The Drawbacks of Fixed Annuities as Investments
Although fixed deferred annuities are a relatively safe investment, there are also reasons why people tend to shy away from them. They include the following:
Low liquidity: Generally, if you take more than 10 percent of your money out of your fixed annuity during any single year of the surrender period, you pay a charge. You can avoid charges by buying a fixed annuity with a short surrender period or by using other sources of cash for emergencies.
Contracts with longer surrender periods typically pay higher rates, but don’t be lured into tying up your money for longer than you can afford to.
Uncertain returns: With single-year guarantee fixed annuities, you don’t know the exact interest rate after the first year.
Based on past renewal-rate histories, the rates on these contracts either stay the same or decline gradually after the first year. Rates are especially likely to fall if the annuity offers a first-year bonus.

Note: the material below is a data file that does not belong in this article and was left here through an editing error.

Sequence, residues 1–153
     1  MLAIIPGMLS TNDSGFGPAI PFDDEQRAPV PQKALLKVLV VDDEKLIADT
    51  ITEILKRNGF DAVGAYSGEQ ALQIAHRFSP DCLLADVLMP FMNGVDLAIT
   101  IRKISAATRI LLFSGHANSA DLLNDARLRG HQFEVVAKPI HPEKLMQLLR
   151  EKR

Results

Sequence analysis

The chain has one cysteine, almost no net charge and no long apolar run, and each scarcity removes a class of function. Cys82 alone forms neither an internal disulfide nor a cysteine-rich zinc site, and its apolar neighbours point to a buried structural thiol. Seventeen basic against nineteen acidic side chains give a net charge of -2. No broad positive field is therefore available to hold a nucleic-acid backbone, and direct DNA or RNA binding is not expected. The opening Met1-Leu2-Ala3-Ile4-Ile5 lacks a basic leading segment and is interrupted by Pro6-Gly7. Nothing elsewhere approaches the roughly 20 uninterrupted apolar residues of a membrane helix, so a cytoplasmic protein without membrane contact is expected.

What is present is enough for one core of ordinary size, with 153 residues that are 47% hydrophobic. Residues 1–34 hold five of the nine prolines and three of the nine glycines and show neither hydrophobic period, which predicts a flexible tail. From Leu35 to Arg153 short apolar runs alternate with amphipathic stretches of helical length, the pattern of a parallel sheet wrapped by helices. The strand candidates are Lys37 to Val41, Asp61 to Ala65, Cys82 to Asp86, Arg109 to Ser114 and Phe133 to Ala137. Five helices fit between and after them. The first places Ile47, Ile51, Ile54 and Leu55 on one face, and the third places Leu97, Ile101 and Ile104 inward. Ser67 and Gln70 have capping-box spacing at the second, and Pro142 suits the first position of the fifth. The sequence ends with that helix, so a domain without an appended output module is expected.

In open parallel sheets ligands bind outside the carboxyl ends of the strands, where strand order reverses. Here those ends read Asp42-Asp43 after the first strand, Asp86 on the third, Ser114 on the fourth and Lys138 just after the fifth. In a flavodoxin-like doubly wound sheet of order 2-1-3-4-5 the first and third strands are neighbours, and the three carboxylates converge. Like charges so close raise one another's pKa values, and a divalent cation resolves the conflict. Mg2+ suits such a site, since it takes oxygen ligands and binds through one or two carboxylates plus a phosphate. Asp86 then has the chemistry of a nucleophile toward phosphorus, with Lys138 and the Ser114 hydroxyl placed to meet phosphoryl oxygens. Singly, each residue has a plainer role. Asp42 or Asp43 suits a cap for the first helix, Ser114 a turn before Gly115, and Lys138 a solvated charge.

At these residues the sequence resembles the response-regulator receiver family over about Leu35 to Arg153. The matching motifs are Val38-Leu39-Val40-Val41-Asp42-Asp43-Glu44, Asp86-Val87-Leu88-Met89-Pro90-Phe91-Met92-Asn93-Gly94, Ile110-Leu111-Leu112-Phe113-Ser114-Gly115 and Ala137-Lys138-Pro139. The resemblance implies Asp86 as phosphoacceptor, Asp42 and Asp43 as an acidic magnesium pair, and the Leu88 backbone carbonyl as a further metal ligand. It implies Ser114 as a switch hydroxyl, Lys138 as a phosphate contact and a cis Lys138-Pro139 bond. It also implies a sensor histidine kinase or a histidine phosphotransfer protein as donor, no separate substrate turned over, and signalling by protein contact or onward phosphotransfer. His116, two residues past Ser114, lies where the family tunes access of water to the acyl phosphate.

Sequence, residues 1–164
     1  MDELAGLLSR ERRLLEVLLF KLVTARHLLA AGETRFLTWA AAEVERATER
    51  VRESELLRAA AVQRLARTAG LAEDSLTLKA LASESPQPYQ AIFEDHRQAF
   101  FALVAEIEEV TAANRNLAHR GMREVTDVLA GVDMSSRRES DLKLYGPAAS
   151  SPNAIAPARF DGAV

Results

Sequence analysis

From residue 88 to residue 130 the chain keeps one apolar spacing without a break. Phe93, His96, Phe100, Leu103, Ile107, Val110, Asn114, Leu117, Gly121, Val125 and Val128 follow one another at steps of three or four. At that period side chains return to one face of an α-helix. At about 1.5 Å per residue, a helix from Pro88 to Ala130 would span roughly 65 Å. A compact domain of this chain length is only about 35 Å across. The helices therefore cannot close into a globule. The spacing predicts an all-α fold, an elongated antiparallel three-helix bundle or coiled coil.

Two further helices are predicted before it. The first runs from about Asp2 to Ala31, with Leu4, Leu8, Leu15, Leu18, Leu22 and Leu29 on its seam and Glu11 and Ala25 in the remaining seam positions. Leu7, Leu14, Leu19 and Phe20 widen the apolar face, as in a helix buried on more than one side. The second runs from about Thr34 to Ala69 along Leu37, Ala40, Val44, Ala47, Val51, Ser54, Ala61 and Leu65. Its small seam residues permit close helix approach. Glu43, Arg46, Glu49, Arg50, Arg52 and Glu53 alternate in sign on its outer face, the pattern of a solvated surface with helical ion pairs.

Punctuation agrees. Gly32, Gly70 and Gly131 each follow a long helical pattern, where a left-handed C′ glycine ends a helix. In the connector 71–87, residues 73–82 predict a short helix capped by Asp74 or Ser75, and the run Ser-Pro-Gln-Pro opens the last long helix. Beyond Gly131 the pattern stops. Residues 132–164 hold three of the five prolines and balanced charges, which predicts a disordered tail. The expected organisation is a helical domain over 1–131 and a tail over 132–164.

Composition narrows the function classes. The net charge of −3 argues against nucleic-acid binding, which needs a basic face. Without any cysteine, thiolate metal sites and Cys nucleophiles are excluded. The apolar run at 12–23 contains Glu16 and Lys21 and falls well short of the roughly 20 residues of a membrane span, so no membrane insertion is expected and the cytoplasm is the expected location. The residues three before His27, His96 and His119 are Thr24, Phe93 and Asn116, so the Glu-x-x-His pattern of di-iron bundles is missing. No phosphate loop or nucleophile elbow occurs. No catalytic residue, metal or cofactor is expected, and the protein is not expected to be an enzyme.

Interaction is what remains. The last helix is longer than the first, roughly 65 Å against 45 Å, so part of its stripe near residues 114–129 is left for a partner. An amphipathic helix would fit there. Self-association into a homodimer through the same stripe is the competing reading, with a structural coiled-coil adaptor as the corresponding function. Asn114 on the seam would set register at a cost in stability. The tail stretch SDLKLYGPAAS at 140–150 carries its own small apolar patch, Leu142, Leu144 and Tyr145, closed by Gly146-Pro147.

Lower returns when bond-yield curve is flat: When the yield curve is flat — that is, when long-term interest rates are the same or lower than short-term rates, as they were during the mid-2000s — you may get a better rate from a CD. (You can find an illustration of the yield curve in the business section of the Sunday New York Times.)
Federal penalty for early withdrawal: If you withdraw money from a fixed annuity before age 59½, you may have to pay a penalty (10 percent of the amount withdrawn) to the IRS. Under certain circumstances such as illness, you can withdraw money from an annuity before this age without a penalty. You may also be able to withdraw the money penalty free by taking Substantially Equal Period Payments, or SEPPs, over a minimum of five years.
The penalty is Uncle Sam’s way of discouraging Americans from using annuities and other tax-deferred investments for anything but saving for retirement.